Back then the grapes might be macerated for 90 days or more and were highly tannic and took years to smooth out. Ratti wanted to make softer, easier-to-drink, more complex barolos, so he began buying more and more of his own carefully chosen vineyards. The fame of his innovations opened Ratti up to markets outside of Piedmont and eventually globally. Spurred by his success, the growers themselves were fast creating their own labels by the 1990s.
Pietro carried on his father’s work, constructing new state-of-the-art cellars in 2000, relying on gravity for gentler pressing, and using only natural yeasts. “Our workers wear cotton gloves,” he said, “so their fingers never touch the skin of the grapes.”
Like his father, Pietro was, two months ago, elected president of the Barolo Consortium, drafting the rules and regulations governing the appellations of Alba wines to maintain the quality guaranteed by the Italian wine laws’ prestigious D.O.C.G. award for barolo in general.
“By this fall, we shall have in place laws that will guarantee that `single vineyards’ listed on barolo labels truly come from those vineyards,” he said. “Until now a producer could put any name on the bottle he liked but the wine might have come from anywhere in the barolo region.”
The younger Ratti is also intensely involved with the marketing, promotion, and sales of his wines abroad, his reason for having dinner with me that evening in New York. “This is a very tough time for wine selling everywhere. It’s important to keep our less expensive wines like dolcetto, barbera, and nebbiolo always in the market because in some years our customers may have too much barolo in inventory and buy much less or pass.”
As for China and Russia, Pietro sees great possibilities. “China is for the moment buying up the most expensive bordeaux at auction,” he said, “the way Las Vegas used to. I think the markets will open up to more Italian wines, but with China and Russia, you must always ask for the money in advance and in euros.”
AND AS LONG
AS WE’RE AT IT, LET’S NOT FORGET
“Just sitting in those leather and cowhide chairs in the restaurant's makeshift home study, replete with a collection of books ranging from `Meat` to `Art Deco` to `Ad Hoc at Home,"`something lusting and powerful takes over. Call it the American desire to have it all and be it all, but it's there in all the brushed metal and bold wood, in the candy-red brick, and in the open kitchen that spews so much heat, you'd think it powers the entire block. This is the 1950s of Don Draper and Mad Men as much as it is the 1950s of Richard Yates' Revolutionary Road. Complete, of course, with the tragedy so quietly looming behind it.”--John Linn, “It’s All About Pig at the Office in Delray Beach,” Broward/Palm Beach News (4/15).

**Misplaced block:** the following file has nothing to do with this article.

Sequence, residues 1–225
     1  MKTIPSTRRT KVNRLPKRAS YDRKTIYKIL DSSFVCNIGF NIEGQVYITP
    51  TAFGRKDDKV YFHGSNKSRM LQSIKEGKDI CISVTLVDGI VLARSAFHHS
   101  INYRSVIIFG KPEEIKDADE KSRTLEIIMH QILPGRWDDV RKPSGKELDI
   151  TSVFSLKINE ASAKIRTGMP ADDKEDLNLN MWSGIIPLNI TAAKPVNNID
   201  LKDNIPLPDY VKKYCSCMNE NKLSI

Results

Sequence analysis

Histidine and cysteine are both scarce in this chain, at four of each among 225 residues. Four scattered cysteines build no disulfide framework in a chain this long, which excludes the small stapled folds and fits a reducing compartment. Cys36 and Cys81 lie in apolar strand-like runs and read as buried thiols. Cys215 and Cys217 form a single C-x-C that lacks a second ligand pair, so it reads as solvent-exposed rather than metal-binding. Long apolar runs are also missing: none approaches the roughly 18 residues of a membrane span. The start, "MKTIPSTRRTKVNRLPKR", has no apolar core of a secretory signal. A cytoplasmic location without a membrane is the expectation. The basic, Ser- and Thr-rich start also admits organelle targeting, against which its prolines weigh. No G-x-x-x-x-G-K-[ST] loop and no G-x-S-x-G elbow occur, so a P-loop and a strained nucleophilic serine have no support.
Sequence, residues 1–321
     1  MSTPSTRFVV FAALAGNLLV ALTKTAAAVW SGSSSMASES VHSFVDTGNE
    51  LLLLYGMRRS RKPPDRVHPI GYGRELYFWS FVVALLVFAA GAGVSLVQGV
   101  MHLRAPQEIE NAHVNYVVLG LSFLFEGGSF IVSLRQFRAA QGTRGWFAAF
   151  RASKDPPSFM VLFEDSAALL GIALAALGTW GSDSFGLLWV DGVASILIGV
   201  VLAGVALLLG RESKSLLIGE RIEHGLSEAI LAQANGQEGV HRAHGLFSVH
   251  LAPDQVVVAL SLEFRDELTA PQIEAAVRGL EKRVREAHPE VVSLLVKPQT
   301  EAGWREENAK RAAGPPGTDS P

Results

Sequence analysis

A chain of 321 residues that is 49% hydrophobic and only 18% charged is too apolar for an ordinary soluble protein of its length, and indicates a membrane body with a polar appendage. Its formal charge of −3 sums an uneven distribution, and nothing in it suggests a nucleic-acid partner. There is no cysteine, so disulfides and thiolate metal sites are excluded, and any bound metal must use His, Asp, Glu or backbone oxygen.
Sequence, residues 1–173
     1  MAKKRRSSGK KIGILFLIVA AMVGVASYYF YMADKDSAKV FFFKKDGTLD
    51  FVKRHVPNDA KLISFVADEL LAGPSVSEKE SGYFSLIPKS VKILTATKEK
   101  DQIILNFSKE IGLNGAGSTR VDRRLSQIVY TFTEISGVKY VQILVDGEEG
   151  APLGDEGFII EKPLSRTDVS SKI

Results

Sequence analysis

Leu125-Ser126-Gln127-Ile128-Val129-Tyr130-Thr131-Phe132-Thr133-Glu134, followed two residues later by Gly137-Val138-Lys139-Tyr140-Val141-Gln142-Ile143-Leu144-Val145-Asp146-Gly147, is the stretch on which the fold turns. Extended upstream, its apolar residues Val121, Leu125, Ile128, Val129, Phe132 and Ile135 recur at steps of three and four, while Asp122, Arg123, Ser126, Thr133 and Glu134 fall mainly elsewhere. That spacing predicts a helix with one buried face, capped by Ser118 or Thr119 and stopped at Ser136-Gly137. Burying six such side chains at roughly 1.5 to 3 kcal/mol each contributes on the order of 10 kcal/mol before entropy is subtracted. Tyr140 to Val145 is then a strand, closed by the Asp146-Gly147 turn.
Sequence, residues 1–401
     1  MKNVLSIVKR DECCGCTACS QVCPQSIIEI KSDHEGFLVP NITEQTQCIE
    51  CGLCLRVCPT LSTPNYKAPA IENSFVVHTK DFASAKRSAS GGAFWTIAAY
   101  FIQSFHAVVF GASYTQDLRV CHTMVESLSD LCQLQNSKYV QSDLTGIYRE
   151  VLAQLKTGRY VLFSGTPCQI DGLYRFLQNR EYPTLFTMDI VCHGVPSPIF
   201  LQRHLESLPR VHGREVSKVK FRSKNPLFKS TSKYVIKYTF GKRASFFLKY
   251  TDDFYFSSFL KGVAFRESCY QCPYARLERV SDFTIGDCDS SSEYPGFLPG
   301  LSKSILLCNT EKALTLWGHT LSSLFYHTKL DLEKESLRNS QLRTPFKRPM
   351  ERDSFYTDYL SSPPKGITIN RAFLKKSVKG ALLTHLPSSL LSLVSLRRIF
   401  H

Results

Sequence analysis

✉ Guidelines for submissions: QUICK BYTES publishes only events, special dinners, etc, open to the public, not restaurant openings or personnel changes. When submitting please send the most pertinent info, incl. tel # and site, in one short paragraph as simple e-mail text, WITH DATE LISTED FIRST, as below. Thanks. John Mariani
OWING TO THE OVERWHELMING NUMBER OF FATHER'S DAY ANNOUNCEMENTS
AND DINNERS, I AM UNABLE TO INCLUDE ANY IN QUICK BYTES.
* On May 25, BRABO by Robert Wiedmaier in Alexandria, VA will host a Domaine Serene wine dinner. Michelle Farkas, for Domaine Serene, and Leah Dedmon for BRABO will lead guests through each wine selection paired with a five-course menu from Executive Chef Robert Wiedmaier and Chef de Cuisine Chris Watson. $135 pp. Email: firstname.lastname@example.org or Call 571-482-3308.
* On May 26 in Cleveland, OH, The Baricelli Inn will host a five-course wine dinner featuring wines from Sonoma County’s award-winning Selby Winery. Winemaker Susie Selby will be in attendance. $60 pp plus tax and gratuity. Call 216-791-6500.
On May 26 in Larkspur, CA, Left Bank Brasserie hosts a French-German Friendship
three courses, $34 pp. Call 415-927-3331. www.leftbank.com.
May 27, Eola restaurant in DC's Dupont Circle P Street
neighborhood will be
hosting a 'Porktail Party' with Executive Chef Daniel Singhofen feat.
crafted from every part of a 200-pound heritage hog. Ansonia
be feat. as well as produce from The Fresh Link. $125 pp. Call
May 29 in New Orleans the Southern Food and Beverage Museum will
host NOLA Tropical Winery for a tasting of their exotic, non-grape
wines. Free for members, $10 for non-members, call 504-569-0405 or
June 3-6 in Napa Valley, CA,
Ranch is offering the exclusive "Best of the Best
Napa Valley Wine Auction Package," incl. 3
nights accommodations in a
luxurious one-bedroom spa lodge, two treatments in the award-winning
Spa, private "insider" winery tour with tastings and lunch at three
of the region's most iconic and innovative winemaking families, and two
all-access passes to the Napa Valley Wine Auction events. $9,995
per couple, incl. tax and gratuity. Call 800-942-4220.
On June 13, in Scottsdale, AZ, Sassi presents an interactive farm-to-table cooking class including three-course dining and wine pairings, prepared by Sassi Chef Peter DeRuvo and Pat Duncan of Duncan Farms. Recipes provided. $95 pp. Visit www.sassi.biz.
On June 14-20 in Houston, TX, Wine & Food Week brings together
renowned chefs partnered with more than 500 wines at 40+ events
incl. the H-E-B Wine Walk, Sips, Suds & Sliders, and the Wine